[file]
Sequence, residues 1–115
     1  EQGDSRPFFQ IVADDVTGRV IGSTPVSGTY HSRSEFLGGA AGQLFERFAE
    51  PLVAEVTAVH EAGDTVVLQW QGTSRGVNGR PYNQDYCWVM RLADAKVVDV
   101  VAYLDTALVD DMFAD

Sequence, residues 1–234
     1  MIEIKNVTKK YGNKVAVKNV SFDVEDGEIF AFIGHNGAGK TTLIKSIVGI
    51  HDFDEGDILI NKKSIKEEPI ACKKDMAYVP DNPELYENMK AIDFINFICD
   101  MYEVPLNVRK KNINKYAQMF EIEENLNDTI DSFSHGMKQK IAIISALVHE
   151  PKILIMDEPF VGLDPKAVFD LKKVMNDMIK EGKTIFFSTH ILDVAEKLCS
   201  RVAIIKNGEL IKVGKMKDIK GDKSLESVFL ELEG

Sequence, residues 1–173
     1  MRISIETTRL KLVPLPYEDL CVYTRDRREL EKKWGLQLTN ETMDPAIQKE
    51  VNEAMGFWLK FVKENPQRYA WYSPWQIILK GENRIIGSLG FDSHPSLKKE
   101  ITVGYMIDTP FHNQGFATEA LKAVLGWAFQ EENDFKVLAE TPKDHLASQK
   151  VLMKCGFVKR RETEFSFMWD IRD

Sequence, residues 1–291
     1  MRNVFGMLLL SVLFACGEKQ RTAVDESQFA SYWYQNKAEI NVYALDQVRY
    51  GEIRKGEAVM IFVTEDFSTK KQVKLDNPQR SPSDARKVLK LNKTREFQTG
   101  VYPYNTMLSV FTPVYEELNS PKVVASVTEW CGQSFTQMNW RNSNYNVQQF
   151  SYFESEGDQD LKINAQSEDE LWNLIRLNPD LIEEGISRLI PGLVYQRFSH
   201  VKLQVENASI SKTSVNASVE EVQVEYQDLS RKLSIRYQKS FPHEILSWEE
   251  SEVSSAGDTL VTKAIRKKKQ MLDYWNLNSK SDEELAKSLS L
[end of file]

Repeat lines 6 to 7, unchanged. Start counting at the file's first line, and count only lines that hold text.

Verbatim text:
     1  MIEIKNVTKK YGNKVAVKNV SFDVEDGEIF AFIGHNGAGK TTLIKSIVGI
    51  HDFDEGDILI NKKSIKEEPI ACKKDMAYVP DNPELYENMK AIDFINFICD